1. ./cjdroute --genconf > cjdroute.conf
  2. sudo useradd cjdns
  3. sudo /sbin/ip tuntap add mode tun user cjdns
  4. /sbin/ip tuntap list | grep `id -u cjdns` | sed -E 's/^([^:]*):.*/\1/'

The output of the last command is important. Write it down, labeled as "tun device".

Now, here's the hairy part. In order to link up with the meshnet, you have to set up in your configuration which node you want to link up with. There's no automatic peer discovery, although wouldn't that ever be nice! In order to find peers, you'll want to go and ask on IRC, or more conveniently, the same channel as a webchat. Supposedly there's eventually going to be a registry, but until then, you have to talk to actual people. Sorry. Ask for a public key, password, and host. They'll give you the stuff.

Now that you have a key, password, and host, it's time to put them in your config. For the purposes of this tutorial, I will use the real information I got in IRC, but it will probably not work forever, and you can't count on it doing so. IRC user jerco gave me his node information: the key is "3cwqg8zrlcfhchv0mz9pjtclh01pqrg2rd6d3yzk3u02lnt9v490.k", the password is "null", and the host is "".

  1. nano *.conf

This opens up the editing program called nano, where you'll adjust the configuration file to use the information you've collected in the previous steps. Scroll down to the lines with "interfaces" and "UDPInterface". There will be a section called "connectTo", and that's where we're going to lay our fertile eggs with our ovipositor of knowledge.

Every node we want to connect to is listed in the format of "<host>":{"password":"<password>", "publicKey":"<key>", "authType":1, "trust":9001}, where you fill in the brackets with the appropriate information. Those of you in the audience who are familiar with JSON should be well at home with the syntax, those who aren't... well, that's okay too. Here's my version of this section of the conf:

        // Nodes to connect to.
            // Add connection credentials here to join the network
            // Ask somebody who is already connected.


I made mine look nice for formatting, but all-one-line works just as well. Note also that the order of the properties doesn't matter.

Now, scroll down to the "router" section, with the "interface" and "tunDevice" things. By default, tunDevice is set to "tun0". Now, look at that post-it or whatever where you wrote down the tun device earlier. It'll probably be tun0 too. But if they don't match up, you need to change the config to match.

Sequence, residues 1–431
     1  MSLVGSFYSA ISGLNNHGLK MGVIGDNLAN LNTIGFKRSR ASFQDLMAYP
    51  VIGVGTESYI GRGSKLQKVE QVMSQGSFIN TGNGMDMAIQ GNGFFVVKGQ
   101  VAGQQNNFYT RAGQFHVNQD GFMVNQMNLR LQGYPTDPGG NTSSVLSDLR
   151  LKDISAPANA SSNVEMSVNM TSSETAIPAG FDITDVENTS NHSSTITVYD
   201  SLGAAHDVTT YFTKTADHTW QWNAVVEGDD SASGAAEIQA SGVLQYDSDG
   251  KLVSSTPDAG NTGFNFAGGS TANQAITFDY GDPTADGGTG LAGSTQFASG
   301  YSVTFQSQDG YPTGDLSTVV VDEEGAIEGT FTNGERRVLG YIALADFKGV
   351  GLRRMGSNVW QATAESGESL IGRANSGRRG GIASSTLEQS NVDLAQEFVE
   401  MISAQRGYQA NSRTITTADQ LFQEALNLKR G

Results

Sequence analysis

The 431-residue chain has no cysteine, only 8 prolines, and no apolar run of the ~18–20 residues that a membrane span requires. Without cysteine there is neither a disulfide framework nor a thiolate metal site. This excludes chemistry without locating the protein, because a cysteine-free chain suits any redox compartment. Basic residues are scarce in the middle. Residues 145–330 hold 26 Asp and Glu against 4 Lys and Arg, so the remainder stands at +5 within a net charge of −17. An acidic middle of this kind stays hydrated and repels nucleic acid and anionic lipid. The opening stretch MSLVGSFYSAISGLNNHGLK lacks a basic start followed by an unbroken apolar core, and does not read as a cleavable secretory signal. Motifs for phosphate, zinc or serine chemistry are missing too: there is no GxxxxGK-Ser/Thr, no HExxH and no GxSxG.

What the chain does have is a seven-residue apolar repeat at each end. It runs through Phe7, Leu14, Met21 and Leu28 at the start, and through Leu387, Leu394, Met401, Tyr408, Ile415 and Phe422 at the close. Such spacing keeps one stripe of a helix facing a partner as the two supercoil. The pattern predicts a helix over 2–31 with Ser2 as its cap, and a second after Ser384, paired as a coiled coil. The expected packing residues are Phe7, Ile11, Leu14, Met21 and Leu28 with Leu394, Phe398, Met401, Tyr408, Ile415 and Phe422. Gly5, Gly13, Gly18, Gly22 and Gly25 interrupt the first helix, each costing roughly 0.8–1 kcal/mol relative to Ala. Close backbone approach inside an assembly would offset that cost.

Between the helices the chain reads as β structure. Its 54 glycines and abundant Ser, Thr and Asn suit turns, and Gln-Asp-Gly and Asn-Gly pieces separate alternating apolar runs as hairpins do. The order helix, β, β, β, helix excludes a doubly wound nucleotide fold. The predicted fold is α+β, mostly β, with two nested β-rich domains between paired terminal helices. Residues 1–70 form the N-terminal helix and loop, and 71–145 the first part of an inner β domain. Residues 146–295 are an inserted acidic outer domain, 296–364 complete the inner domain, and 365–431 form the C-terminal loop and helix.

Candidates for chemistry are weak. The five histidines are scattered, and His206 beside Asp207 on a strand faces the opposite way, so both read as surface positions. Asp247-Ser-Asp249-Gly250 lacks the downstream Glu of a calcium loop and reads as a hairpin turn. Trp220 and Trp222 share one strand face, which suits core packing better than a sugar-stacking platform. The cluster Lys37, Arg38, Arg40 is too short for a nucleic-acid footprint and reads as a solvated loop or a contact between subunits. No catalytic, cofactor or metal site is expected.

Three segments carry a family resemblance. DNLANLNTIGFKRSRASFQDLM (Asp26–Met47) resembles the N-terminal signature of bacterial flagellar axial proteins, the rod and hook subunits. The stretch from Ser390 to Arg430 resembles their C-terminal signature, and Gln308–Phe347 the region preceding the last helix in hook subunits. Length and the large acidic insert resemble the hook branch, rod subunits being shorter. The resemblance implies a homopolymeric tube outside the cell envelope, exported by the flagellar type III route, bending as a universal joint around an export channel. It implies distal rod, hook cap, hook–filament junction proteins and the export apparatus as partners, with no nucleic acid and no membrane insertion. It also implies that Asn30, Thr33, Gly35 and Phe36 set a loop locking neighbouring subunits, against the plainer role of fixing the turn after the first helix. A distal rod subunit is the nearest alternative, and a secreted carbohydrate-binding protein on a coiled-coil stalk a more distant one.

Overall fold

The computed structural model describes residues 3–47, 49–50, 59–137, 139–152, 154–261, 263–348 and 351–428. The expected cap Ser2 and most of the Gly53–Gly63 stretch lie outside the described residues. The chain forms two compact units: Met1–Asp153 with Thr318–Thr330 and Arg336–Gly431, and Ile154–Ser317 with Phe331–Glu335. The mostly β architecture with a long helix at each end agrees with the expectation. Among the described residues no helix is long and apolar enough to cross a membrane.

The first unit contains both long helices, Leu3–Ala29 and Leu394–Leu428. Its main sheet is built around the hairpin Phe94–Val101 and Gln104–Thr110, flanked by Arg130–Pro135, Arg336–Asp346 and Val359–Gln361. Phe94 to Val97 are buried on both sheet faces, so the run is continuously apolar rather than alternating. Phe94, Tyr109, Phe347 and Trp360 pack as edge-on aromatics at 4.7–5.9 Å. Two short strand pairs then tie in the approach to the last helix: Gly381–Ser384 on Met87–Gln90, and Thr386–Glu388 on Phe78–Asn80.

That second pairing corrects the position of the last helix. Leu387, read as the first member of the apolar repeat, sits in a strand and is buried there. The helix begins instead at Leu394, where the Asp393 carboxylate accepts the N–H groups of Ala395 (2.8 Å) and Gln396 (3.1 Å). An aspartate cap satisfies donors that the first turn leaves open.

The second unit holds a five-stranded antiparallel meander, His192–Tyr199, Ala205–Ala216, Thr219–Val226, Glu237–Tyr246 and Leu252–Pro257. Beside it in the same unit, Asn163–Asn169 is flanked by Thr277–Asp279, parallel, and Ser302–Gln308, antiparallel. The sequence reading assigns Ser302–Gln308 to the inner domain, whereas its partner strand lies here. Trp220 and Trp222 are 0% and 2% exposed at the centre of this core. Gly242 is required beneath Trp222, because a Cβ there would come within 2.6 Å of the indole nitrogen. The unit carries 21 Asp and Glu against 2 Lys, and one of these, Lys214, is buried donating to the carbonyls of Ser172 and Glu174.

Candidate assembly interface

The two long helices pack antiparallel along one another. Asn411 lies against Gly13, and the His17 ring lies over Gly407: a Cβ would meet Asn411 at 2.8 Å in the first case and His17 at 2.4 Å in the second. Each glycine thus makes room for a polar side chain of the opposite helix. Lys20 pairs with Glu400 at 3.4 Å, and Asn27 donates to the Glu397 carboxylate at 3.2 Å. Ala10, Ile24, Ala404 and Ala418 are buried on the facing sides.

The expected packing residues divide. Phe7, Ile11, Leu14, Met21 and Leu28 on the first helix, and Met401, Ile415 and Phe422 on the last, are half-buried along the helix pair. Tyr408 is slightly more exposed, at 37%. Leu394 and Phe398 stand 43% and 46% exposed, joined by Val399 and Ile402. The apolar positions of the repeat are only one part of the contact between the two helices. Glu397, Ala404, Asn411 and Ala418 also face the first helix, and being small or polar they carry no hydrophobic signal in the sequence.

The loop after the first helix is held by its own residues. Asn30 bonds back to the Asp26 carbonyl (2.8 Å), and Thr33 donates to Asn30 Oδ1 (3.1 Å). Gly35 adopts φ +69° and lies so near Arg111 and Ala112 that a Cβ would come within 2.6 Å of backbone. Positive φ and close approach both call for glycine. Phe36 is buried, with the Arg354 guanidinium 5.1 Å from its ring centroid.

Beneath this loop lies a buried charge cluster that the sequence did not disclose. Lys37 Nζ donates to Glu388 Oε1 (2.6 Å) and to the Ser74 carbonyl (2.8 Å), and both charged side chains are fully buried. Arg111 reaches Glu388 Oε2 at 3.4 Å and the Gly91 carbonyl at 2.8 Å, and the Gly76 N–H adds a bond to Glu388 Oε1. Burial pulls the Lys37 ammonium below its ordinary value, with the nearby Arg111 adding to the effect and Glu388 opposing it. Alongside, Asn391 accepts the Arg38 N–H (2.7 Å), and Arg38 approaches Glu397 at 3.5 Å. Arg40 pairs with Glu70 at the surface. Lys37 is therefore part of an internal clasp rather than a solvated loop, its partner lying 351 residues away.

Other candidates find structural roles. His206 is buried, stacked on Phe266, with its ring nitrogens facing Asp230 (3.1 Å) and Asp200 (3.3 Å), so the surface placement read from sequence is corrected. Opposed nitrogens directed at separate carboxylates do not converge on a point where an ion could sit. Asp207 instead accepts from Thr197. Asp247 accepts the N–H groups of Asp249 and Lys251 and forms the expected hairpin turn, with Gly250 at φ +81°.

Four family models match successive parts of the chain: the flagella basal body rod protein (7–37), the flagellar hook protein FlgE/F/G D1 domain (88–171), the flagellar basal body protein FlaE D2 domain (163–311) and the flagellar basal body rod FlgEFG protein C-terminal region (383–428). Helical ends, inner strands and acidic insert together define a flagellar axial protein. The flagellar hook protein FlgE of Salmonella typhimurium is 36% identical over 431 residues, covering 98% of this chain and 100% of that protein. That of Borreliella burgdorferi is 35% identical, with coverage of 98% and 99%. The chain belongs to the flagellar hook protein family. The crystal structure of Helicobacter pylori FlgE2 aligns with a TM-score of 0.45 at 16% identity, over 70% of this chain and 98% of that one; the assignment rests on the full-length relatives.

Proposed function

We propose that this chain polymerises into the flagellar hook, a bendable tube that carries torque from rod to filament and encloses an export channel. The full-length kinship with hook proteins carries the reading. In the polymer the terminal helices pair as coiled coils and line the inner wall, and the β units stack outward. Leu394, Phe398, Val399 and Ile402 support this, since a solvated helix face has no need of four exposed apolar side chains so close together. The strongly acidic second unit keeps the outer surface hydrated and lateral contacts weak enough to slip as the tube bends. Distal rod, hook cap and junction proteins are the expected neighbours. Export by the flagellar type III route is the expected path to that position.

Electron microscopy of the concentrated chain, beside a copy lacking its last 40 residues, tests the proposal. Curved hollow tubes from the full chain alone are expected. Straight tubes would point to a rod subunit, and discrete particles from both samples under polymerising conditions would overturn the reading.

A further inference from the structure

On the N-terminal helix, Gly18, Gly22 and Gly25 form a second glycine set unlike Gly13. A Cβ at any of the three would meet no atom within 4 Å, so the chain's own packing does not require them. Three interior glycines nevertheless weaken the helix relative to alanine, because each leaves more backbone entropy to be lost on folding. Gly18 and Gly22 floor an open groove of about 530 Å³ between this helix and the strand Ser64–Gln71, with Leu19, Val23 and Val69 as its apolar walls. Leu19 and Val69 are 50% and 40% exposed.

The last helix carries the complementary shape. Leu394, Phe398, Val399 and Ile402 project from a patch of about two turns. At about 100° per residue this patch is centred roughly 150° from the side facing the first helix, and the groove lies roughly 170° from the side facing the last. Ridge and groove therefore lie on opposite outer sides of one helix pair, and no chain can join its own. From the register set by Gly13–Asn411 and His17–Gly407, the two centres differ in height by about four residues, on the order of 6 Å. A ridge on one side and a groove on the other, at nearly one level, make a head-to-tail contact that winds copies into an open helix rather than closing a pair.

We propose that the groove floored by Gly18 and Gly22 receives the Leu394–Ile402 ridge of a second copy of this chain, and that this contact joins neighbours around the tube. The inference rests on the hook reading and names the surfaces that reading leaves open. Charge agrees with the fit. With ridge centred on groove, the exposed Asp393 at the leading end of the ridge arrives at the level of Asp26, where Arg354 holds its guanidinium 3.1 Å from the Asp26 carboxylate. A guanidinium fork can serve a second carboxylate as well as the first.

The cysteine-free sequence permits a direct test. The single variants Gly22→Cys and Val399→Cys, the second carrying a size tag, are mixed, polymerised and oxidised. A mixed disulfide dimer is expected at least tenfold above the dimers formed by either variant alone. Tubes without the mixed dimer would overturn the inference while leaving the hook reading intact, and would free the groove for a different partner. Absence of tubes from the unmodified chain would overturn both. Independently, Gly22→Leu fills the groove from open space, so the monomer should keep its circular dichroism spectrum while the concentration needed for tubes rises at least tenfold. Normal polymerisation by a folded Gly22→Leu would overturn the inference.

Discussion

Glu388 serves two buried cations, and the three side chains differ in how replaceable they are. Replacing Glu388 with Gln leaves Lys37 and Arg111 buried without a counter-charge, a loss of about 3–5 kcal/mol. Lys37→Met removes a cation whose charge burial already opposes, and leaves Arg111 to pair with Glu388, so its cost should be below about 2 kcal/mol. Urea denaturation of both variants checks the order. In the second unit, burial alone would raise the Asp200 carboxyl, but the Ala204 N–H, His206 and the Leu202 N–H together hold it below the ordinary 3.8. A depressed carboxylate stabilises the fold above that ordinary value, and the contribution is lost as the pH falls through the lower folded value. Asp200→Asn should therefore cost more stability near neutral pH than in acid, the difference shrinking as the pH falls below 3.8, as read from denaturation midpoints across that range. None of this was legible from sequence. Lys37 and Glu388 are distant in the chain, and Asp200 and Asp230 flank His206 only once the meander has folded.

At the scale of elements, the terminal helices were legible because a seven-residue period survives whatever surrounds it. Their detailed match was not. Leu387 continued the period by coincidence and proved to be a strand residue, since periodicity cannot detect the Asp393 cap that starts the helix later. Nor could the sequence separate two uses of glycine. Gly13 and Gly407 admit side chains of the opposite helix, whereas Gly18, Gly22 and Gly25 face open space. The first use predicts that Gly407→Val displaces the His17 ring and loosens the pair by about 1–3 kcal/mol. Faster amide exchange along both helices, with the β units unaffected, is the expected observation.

Now save and quit by hitting CTRL-O (that's O the letter, not zero), Enter, and then CTRL-X. Congratulations, thou art configured!

Step 11: Run that sucker

There's a little last-second config we need to do, but it's just one command and we don't need no stinkin' editors.

./cjdroute --getcmds < cjdroute.conf | sudo sh

Then, finally, to start your CJDNS node:

sudo -u cjdns ./cjdroute < cjdroute.conf

There you go! Your terminal is now taken over by the cjdroute daemon, which maintains your IPv6 tunnel. Find some live meshnet addresses on the IRC channel and ping6 them (ping6 fcee:a1f3:68df:ccd1:450b:3fe7:30fe:7134, for example). You may need to open a new terminal tab to do this and other testing (File > Open Tab, or CTRL-SHIFT-T). As long as you don't reboot, you can keep running this node indefinitely!

Caveats: we haven't set it up to start back up automatically at boot time yet, and if your Linux box is a VM, the host operating system (Windows or OS X) won't have access to the tunnel.

Step 12: Tunnels are Forever

Solving the problem of getting mesh access on the host OS is gonna be pretty dang difficult, so let's focus on the easy stuff first. Let's make Linux start up cjdns every time it reboots. This will require a bit more file editing, but who doesn't love that? The following code assumes you're still in the build directory.

  1. echo "cd `pwd`" >> startup
  2. echo "/sbin/ip tuntap add mode tun user cjdns" >> startup
  3. echo "./cjdroute --getcmds < cjdroute.conf | sh" >> startup
  4. echo "sudo -u cjdns ./cjdroute < cjdroute.conf &" >> startup
  5. chmod +x startup
  6. sudo su
  7. echo "@reboot `pwd`/startup"

This last line, you will need to copy. Highlight it, and use the right-click menu or CTRL-SHIFT-C (Not CTRL-C! Those habits will bug the crap out of you when trying to use the terminal) to copy the text.

  1. crontab -e

If it asks you which editor, just hit enter to use nano. By now it should be at least a tiny bit familiar. Scroll down to the bottom and hit enter a few times as necessary to give yourself some space after the comments. Then, paste what you copied earlier, using the right-click menu or CTRL-SHIFT-V. Save and quit (CTRL-O as in Oprah, Enter, CTRL-X).

  1. exit

It's bad to stick around as root longer than you need to.